Vietnamese traveller with 4kg of pork denied entry to Australia in African swine fever crackdown

Zach RelphCountryman
The tough biosecurity laws are designed to protect Australia’s domestic pig industry.
Camera IconThe tough biosecurity laws are designed to protect Australia’s domestic pig industry. Credit: METHODE

Another Vietnamese holidaymaker has been refused entry into Australia for failing to declare pork products, as Federal border forces double down on safeguarding against African swine fever.

Federal Agricultural Minister Bridget McKenzie confirmed this morning that a 60-year-old Vietnamese man’s visa had been cancelled at the weekend, after he arrived at Sydney International Airport with almost “4kg of pork-filled mooncakes”.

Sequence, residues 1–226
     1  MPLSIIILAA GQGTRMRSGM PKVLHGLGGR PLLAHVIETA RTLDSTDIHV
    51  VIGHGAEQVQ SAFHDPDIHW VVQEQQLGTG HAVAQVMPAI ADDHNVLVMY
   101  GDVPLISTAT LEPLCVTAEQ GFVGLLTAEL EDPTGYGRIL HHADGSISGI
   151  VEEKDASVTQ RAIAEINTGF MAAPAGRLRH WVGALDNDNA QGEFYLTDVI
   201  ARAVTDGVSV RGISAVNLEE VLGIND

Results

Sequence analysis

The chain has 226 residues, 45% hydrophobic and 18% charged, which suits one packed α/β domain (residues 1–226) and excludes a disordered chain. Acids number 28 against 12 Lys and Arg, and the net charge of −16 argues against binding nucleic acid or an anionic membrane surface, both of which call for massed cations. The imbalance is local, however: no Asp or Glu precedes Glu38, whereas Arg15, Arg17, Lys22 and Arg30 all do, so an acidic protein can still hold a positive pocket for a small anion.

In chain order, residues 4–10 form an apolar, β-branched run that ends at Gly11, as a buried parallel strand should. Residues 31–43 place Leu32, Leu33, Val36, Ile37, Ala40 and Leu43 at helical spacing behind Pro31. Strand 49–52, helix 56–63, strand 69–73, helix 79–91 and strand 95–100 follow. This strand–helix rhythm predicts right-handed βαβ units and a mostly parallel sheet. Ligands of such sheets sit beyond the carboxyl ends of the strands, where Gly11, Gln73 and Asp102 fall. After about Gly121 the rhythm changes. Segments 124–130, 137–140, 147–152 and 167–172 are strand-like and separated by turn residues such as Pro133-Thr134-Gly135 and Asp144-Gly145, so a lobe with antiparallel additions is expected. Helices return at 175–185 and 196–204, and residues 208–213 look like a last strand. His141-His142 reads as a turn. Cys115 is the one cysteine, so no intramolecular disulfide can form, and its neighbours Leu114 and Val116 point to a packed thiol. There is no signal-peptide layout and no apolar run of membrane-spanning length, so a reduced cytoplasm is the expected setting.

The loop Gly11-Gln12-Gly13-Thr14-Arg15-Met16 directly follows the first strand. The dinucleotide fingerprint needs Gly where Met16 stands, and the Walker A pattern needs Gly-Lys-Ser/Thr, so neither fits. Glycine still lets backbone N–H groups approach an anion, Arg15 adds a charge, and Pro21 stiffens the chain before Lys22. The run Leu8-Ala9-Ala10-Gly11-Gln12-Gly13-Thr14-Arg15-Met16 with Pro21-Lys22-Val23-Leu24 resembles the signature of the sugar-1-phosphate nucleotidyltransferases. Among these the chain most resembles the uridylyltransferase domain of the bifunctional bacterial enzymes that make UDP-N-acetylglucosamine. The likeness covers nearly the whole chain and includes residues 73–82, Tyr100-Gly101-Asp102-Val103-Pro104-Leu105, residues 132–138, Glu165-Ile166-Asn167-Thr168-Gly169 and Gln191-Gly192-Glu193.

It comes after a 45-year-old woman from Vietnam, where ASF is present, last month had her visa cancelled for not declaring about 4.5kg of pork, garlic, fruit, eggs, squid and quail on arrival at Sydney.

Senator McKenzie said the second visa cancellation backed efforts to stop the lethal pig disease from infiltrating Australia’s $5.3 billion pork trade.

“Travellers are banned from bringing most pork products from African swine fever countries into Australia, full stop,” she said.

“It’s one of the heightened measures our Government put in place to keep the devastating disease out of Australia and to protect our 2700 pork producers.”

Since August last year when ASF was detected in China, the swine virus has spread to nine other Asian nations.

It has led to pig deaths in China, Mongolia, Vietnam, Cambodia, Laos, Myanmar, North Korea, South Korea, Philippines, East Timor and also parts of eastern Europe.

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